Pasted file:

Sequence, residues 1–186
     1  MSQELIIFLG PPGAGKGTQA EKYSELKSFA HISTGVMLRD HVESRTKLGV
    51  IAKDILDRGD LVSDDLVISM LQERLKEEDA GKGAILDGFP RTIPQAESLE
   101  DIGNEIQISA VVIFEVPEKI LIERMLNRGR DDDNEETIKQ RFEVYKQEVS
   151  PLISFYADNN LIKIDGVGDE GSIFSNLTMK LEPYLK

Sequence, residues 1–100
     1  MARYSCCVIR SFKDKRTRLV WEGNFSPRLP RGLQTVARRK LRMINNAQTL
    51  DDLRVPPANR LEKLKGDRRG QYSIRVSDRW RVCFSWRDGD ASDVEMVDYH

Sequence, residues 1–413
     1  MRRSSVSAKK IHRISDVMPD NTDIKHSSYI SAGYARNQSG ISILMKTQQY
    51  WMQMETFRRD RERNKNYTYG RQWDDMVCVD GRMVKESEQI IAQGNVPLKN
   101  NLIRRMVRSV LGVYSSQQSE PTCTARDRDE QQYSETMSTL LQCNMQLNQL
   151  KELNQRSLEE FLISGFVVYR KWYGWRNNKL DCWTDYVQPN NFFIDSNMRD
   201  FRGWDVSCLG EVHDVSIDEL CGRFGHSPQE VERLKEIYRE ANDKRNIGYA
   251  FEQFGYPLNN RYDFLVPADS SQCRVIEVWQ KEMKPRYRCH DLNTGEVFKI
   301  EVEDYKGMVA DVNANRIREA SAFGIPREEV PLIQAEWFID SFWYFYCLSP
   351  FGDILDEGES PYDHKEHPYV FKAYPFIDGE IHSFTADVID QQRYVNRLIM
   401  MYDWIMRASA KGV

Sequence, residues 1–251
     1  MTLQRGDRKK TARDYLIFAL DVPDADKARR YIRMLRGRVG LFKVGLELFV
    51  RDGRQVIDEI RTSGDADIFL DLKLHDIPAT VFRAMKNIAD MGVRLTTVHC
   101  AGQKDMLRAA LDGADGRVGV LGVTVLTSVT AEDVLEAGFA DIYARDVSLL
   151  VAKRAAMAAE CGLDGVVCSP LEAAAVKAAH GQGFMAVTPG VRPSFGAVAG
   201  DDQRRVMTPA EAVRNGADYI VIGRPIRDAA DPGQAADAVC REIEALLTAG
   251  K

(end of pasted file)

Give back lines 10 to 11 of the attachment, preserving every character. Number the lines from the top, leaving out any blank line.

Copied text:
     1  MRRSSVSAKK IHRISDVMPD NTDIKHSSYI SAGYARNQSG ISILMKTQQY
    51  WMQMETFRRD RERNKNYTYG RQWDDMVCVD GRMVKESEQI IAQGNVPLKN